kerry-
    I read your Hubography.  smile Yes, I grew up in Fremont and Omaha, so we are basically even from the same area, I think.  Your mom didn't work for Plumfield's (sp?) Nurseries, did she?  Lol.  Well, that's a long shot, but so did my dad for a while.

    Yes, I come from an immediate family of big gardeners, too.  And I admit they also thought outside the box a bit--into sustainable living, as it were, before that was even considered cool.  Extended family and grandparents are/were actual farmers.

    Having lived in Iowa as well, I know there are actually huge numbers of complainers concerning the methane (and other nasty things) with the huge hog operations...  Not sure about the implementation of change on a large level--but I know we can't continue as we are.

  30. profile image0
    Leta Sposted 8 years ago

    Cool, Ralph!  Another Nebraskan liberal.  We've taken to the internet, evidently.  smile

    1. countrywomen profile image60
      countrywomenposted 8 years agoin reply to this

      Does studying in University of Nebraska count. Go Huskers!!

      1. Ralph Deeds profile image65
        Ralph Deedsposted 8 years agoin reply to this

        Absolutely! Both my parents were Nebraska graduates. It's a great school not just a football power (former).

        1. countrywomen profile image60
          countrywomenposted 8 years agoin reply to this

          Ralph- Thanks for welcoming me into the group. I absolutely love the school and the Football craze was too much all around (P.S: I am not from US but India hence found it way over the top with all that fanfare during those 2 years during my MS).

  31. Scott Mandrake profile image58
    Scott Mandrakeposted 8 years ago

    Try to keep in mind, that many of the "available" land that could be used for farming is either too remote or poor soil quality. For more about soil and deforestation issues go to the thread we have started in the science forum.


    Many cities have moved well beyond their population capacity.  This is accomplished by trucking or piping in the resources required to live.  In some ways this is good, as we reduce some of the sprawl. In some ways this is bad as we have concentrated the pollution.  Another drawback is that once this resource infrastructure fails, those who are hopelessly dependent on the system will die.

    Scott

  32. profile image0
    Leta Sposted 8 years ago

    OMG, CW-

    This is becoming quite a 'reunion.'  You were in Lincoln for your M.S.?  I was going to go there, but ended up Univ. of NE-Omaha and U. of Iowa.  Holy ungulates!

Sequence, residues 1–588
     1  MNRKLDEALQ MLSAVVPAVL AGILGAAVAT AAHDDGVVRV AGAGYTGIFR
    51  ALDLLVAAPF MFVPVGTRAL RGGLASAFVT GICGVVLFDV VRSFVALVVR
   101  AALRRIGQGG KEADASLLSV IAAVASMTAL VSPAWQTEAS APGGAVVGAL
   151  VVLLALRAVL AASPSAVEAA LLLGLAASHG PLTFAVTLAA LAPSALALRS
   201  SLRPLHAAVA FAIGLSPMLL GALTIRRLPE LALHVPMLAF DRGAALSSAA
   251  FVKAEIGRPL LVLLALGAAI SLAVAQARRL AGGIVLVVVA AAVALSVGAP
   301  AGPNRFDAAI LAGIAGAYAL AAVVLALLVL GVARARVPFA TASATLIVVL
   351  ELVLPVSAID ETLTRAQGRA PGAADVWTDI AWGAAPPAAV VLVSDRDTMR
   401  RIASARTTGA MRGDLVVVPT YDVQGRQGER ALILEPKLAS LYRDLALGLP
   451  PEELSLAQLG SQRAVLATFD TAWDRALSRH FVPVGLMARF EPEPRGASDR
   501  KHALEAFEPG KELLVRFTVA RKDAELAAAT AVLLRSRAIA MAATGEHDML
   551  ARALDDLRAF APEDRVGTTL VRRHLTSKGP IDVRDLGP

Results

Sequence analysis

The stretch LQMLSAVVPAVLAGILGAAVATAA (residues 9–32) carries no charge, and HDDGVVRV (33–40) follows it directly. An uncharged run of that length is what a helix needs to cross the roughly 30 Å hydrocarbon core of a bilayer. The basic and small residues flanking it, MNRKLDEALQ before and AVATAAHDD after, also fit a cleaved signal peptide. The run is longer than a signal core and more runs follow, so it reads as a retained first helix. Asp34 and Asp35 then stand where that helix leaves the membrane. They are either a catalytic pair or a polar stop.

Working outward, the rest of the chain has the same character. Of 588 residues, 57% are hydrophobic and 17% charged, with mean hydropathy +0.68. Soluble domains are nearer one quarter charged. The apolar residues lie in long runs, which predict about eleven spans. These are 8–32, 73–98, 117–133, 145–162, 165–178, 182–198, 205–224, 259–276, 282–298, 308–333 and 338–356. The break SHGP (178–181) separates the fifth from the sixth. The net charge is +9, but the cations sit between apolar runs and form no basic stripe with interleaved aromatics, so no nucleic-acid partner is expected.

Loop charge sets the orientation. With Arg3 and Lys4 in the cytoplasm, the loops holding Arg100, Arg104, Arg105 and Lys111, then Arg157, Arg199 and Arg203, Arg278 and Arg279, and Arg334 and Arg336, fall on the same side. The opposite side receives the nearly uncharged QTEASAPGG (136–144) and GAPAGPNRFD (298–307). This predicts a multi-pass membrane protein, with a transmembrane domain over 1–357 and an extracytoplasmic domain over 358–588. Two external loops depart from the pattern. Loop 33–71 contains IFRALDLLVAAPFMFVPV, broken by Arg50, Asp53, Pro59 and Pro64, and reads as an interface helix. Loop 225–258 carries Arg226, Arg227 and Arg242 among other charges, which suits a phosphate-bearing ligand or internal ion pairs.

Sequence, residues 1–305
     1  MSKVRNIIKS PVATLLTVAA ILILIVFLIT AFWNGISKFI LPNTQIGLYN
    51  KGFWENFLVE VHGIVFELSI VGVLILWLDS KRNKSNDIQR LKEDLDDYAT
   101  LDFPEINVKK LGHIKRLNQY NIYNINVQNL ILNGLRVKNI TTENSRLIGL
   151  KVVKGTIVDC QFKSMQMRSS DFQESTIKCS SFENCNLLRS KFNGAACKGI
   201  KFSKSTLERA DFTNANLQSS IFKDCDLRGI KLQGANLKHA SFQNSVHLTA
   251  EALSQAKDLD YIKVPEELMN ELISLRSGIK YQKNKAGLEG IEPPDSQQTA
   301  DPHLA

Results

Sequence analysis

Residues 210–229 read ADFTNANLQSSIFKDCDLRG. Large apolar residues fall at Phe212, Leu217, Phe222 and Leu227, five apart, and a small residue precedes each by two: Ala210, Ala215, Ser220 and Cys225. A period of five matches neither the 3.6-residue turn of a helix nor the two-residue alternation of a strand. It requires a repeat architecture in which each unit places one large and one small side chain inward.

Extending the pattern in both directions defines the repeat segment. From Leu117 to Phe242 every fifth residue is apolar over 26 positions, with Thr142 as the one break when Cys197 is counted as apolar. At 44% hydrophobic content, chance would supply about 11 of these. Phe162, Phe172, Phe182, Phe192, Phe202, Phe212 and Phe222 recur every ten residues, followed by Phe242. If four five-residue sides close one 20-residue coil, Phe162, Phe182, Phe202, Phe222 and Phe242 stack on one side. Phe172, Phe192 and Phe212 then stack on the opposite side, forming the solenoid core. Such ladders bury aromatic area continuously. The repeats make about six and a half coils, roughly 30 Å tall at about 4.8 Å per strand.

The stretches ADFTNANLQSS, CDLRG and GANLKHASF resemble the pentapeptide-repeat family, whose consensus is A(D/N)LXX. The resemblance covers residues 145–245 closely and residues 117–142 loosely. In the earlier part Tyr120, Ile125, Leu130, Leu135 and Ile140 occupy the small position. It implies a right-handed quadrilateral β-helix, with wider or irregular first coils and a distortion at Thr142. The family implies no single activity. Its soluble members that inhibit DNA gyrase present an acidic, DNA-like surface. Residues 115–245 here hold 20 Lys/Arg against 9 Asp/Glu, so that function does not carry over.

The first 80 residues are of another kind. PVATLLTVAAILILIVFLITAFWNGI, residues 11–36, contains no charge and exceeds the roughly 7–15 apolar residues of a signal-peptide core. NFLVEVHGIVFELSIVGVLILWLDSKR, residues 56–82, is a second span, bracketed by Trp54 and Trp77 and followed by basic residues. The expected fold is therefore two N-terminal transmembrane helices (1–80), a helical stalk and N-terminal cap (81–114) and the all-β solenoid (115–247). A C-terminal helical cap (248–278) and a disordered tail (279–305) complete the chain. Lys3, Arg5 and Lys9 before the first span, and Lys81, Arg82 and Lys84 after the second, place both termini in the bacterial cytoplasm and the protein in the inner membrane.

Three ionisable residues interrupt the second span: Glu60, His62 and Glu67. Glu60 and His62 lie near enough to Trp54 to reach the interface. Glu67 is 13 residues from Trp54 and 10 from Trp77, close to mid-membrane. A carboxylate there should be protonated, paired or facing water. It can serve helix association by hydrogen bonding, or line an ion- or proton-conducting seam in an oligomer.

1. countrywomen profile image60
      countrywomenposted 8 years agoin reply to this

      Yes from 2004 fall to 2006 summer!! Ungulates sounds so uppish for me maybe Holy Cow would do for commoners like me....LOL

  33. profile image0
    Leta Sposted 8 years ago

    smile  Yes, but here we were talking about 'other tasty ungulates' that are more sustainable, so I thought I'd give it a shot!

    What's yer favorite hang out in Lincoln?  O street? (Oh, and I too thought the football stuff was a bit over the top.  Iowa is better about it.)

    1. countrywomen profile image60
      countrywomenposted 8 years agoin reply to this

      Oh my my so many responses for a Nebraskan student. Well I used to go to the O and P street rarely. I just went once with some boys to see the inside of a pub/bar but since I don't drink never spent time their afterwards. I was keen on finishing my MS as soon as possible taking 4 graduate courses per semester (which was tough). I went to Omaha and visited Peter Kiewit Institute. I was doing my summer internship at UP and stayed with some girls in Cross winds close to their university campus. Great to meet so many Nebraskans. Go Red!! Go Huskers!

  34. Scott Mandrake profile image58
    Scott Mandrakeposted 8 years ago

    Ok,

    I recycled some dirt data from another blog of mine and put up a hub. For reasons of good form, I will not link it here.  I would love to go into some further dirty dirt details, so please bring soil related questions here.

    Scott

  35. profile image0
    Leta Sposted 8 years ago

    Yeah, Scott-
    I was just having a look at it...  Though my net went all wacked, so I didn't get to read in detail.  This soil from the rain forest looked interesting...

  36. Scott Mandrake profile image58
    Scott Mandrakeposted 8 years ago

    Yes, that soil is called Terra Preta.  Basically it is the result of ancient Amazonian tribes mixing charcoal into the soil.  I will go into greater detail in the soil thread, but I feel it will play a vital role in sustaining the ever swelling population.

    Scott

  37. profile image0
    Leta Sposted 8 years ago

    I will check back in a while & after I read your hub!  smile

  38. pylos26 profile image79
    pylos26posted 8 years ago

    earth and it's atmosphere is tired...nature can no longer cleanse earth's water or atmosphere at the rate that its being polluted...man has to curb his pollution, caused by his over population, or perish.

  39. Scott Mandrake profile image58
    Scott Mandrakeposted 8 years ago

    Pylos26,

    I have to disagree with you.  This planet is more than capable of coping with the pollution.  Earth as we know it may change.  Plants and animals will adapt to the new environment, or die and be replaced by those who can.  There are all kinds of natural systems this planet can employ to reset the balance. 

    The big question is, when the planet finally decides enough is enough, will humans be able to cope?  As I mentioned before, humans survived the last ice age, but mother nature has more than a cold snap up her sleeve to be sure.